Beyond usability challenges, we struggled with prototyping and design because there are no standard Sketch or InVision equivalent tools for doing UX / product design for immersive products. I’d often have to draw out complex 3D environments on flat pieces of paper, then use objects in our office to bring the scene to life and communicate the desired interaction between world and user. I felt more like the director of an imaginary movie in my head than I ever felt like a proper UX designer! ;)

Jad also struggled a lot with the technical challenges of spatializing extremely large datasets. How do you see a million, or a billion, of anything? Beyond the design challenges of presenting this to the user, there are also extreme technical and engineering challenges. I’ve been very impressed with his unique strategies for overcoming these challenges, some of which are now part of our IP.


Both Jad and I are very proud of overcoming the intense challenges we encountered working with enormous datasets in immersive spaces. Building for a new technology like AR or VR in and of itself is not easy - but add working with extreme-scale datasets and re-imagining them for immersive environments and you’ve got yourself a VERY meaty challenge! Both of us are proud that we’ve been able to produce 3 demos in less than 6 months - 2 VR demos visualizing geo-spatial and financial data, and 1 AR demo on the Magic Leap visualizing IoT sensor data.

As a UX / product designer, I’ve very proud to have overcome the operational challenges that resulted from the lack of standard design tools. It’s not easy to be a UX designer with no Sketch or InVision! The lack of tools for UX and product design is also coupled with a lack of best practices for usability; the whole process really needs to be rebuilt from the ground up. I’m proud of tackling that challenge head on and still being able to design products that met customer needs, delivered a lot of value, and that didn't make anyone sick!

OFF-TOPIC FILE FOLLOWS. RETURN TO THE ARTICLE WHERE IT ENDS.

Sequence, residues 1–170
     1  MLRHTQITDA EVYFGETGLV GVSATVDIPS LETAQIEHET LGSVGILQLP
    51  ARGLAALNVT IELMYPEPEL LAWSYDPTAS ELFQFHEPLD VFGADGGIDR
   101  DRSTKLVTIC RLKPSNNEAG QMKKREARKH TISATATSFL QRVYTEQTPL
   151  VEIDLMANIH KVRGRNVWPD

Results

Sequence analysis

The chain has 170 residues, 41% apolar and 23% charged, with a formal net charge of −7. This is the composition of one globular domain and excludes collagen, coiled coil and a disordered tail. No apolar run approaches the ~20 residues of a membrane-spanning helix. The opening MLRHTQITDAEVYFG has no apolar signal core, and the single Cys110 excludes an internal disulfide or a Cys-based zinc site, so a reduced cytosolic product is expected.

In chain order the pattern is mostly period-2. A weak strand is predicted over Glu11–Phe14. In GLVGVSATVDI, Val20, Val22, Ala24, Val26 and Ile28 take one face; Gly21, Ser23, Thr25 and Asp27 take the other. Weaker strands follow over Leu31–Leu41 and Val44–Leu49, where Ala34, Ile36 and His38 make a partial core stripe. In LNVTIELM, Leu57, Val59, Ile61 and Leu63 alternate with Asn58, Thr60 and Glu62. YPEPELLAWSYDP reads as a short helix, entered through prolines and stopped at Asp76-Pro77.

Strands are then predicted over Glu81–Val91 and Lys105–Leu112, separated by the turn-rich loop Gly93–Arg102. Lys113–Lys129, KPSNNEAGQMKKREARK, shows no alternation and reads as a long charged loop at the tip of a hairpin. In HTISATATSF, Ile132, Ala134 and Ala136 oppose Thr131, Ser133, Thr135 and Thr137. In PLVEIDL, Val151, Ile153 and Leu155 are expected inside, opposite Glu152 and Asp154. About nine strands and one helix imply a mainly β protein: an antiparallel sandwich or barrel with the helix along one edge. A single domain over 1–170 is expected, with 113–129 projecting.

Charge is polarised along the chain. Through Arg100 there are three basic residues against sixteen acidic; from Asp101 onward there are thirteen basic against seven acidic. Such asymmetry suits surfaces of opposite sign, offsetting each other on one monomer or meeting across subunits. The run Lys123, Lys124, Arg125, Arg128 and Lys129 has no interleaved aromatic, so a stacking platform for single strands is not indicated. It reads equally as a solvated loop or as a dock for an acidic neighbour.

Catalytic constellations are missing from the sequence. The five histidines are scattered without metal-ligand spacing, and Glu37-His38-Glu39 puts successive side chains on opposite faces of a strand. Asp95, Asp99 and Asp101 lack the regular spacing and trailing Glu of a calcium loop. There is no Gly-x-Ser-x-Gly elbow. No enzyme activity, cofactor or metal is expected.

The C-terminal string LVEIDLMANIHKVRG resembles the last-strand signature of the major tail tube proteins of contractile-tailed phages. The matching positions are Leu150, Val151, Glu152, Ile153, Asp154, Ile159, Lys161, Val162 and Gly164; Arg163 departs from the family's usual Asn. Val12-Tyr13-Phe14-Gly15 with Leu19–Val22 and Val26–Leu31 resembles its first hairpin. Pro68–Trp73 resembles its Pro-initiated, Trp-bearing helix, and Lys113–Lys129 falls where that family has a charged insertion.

What Was Learned

While going through the process of designing and building for immersive platforms, we learned that you really need to utilize the enormous amount of space that immersive platforms afford you. It’s easy to port 2D workflows into immersive spaces by adding flat screens everywhere, but that underutilizes the amazing potential of immersive technologies! Properly using this additional space and taking the time to rethink every standard for 2D products really gives your immersive projects the opportunity to add true value to the end user.

People perform workflows very differently in immersive, 3D spaces. You have to design and build products that fit in with the ways users naturally move and work in such environments. Forcing users to return to 2D workflows in 3D spaces is frustrating and lessens the value they get out of the product.

For the BadVR team, we’ve learned to maximize the space and really spend the time exploring how users will move and work within it. We’ve also learned a lot about how to design those small, micro-interactions (like how long a text overlay should linger on an item after the user has interacted with it, and whether this text overlay should follow the user’s position if they move, and if it does follow, how long of a delay you should add, etc) so that they are done in a way that feels natural.

In short, we’ve learned a lot about how avoid making people motion-sick!

What's next for BadVR?

We’re continuing to build demos, service companies in our pilot program, and look for more businesses interested in revolutionizing their data visualization and analytics potential!

And - as always - we continue to fundamentally reimagine what it means to visualize and analyze data - eliminating one pie chart, line graph, and bar chart one immersive data experience at a time!